These two charges are usually leveled at successful entrepreneurs.
A person who hoards money is literally being selfless: they provided a service or produced goods for which they money were given, then proceeded to hold onto these *tokens of value* without receiving any reciprocal services or goods in exchange. In short, they make everyone else’s money just a little more valuable by reducing the supply of cash in circulation. For instance, a tourist who swaps dollars for euros and brings back the balance as souvenirs, never claims those euros’ worth of goods and services and, in effect, gifts their value to the people of the EU.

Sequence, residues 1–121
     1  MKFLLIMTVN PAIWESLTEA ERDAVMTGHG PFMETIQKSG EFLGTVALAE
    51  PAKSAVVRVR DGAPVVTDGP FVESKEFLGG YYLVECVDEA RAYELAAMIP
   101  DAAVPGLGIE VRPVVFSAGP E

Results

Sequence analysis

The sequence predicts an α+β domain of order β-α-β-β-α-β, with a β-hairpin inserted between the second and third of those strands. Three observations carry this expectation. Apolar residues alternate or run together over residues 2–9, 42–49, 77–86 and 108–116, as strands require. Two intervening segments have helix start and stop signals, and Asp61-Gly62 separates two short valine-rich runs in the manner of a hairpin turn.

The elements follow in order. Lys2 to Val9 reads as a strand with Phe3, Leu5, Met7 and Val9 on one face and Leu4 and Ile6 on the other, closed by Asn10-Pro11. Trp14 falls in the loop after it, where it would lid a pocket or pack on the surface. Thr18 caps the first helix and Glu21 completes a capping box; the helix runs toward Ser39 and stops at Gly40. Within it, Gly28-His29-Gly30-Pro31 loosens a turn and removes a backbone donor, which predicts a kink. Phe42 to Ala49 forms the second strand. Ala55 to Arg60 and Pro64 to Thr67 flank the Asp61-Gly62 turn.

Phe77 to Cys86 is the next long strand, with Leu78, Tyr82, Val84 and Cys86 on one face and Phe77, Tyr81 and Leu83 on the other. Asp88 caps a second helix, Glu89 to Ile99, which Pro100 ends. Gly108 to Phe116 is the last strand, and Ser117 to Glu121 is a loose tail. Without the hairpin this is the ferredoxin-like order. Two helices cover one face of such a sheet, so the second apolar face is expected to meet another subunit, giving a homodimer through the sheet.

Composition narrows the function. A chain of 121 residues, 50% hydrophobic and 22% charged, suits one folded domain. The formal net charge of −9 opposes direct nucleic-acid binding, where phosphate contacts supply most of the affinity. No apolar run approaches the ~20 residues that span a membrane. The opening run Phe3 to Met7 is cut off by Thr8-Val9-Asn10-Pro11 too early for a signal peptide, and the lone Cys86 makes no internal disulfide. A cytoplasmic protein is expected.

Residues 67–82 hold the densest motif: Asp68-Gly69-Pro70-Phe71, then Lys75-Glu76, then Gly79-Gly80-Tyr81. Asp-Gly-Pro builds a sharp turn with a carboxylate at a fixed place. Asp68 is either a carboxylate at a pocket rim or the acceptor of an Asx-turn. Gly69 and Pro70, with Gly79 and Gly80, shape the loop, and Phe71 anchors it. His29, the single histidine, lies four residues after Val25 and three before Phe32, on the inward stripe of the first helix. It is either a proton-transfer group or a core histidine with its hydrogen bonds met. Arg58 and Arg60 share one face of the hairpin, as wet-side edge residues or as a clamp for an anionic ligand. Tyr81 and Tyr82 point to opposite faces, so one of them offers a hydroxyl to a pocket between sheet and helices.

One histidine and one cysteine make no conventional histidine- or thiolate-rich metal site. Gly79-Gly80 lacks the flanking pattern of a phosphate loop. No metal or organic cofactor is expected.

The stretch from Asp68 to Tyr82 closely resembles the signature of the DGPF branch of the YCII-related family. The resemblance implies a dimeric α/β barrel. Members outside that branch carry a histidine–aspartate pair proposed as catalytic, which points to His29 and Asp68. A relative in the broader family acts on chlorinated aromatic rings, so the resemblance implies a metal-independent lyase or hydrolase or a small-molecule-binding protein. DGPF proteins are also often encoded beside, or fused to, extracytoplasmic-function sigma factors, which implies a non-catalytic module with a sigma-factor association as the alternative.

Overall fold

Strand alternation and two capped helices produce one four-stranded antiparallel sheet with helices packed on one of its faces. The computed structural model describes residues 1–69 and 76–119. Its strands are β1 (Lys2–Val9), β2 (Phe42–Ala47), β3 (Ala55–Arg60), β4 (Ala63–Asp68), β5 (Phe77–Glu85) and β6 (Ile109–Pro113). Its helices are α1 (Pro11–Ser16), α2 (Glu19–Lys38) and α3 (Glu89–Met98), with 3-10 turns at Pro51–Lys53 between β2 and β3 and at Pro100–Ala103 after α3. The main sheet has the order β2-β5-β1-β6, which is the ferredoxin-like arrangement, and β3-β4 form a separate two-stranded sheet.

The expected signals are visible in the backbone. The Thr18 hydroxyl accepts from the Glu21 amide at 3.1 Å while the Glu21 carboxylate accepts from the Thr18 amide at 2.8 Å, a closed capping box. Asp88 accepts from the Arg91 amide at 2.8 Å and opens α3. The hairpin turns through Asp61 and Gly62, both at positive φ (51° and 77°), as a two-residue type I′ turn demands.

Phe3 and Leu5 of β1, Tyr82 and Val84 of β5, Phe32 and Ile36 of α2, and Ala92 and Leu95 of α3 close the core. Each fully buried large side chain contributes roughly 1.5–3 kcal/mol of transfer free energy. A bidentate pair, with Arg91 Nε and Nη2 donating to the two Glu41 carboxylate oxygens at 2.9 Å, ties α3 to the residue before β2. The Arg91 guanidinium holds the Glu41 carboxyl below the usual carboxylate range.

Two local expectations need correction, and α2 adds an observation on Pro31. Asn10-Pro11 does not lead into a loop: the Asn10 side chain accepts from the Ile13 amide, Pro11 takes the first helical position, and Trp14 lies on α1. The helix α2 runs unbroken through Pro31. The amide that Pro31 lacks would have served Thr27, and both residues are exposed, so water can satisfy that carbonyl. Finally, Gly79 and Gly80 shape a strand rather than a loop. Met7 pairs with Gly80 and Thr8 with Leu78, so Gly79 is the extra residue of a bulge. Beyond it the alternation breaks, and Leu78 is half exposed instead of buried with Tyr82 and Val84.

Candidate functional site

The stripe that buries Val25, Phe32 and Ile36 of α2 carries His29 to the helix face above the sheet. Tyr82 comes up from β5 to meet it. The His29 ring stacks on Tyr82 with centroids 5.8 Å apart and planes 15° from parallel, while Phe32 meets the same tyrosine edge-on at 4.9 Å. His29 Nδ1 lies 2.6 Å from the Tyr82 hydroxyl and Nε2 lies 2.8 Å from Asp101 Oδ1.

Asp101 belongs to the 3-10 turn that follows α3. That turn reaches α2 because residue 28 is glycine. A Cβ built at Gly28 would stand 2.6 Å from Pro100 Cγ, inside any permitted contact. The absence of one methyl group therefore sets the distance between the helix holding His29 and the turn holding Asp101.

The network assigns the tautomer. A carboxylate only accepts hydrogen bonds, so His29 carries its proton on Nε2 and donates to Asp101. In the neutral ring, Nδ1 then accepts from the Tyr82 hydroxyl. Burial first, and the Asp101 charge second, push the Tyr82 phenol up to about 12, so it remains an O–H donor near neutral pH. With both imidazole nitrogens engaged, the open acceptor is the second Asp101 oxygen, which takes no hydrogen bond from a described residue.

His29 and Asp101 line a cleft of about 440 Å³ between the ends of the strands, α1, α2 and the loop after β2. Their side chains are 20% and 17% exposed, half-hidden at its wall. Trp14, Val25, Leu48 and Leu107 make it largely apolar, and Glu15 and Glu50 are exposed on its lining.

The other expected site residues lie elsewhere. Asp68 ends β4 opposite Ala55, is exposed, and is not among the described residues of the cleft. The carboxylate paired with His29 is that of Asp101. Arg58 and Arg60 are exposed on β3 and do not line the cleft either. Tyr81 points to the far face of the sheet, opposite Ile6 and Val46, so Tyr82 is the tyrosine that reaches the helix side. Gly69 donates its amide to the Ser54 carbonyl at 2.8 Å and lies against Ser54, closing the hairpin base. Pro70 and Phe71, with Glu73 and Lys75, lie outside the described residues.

That said, *successful* people do not hoard money. They either invest them in their own business or in some else’s. So the value they received is immediately put to use for creating more valuable services or goods. They either invest in equipment or training to improve their own productivity, or create jobs for others.
Either hoarding or investing provide a benefit, so long as the money was received through voluntary trade and not through coercion like taxes.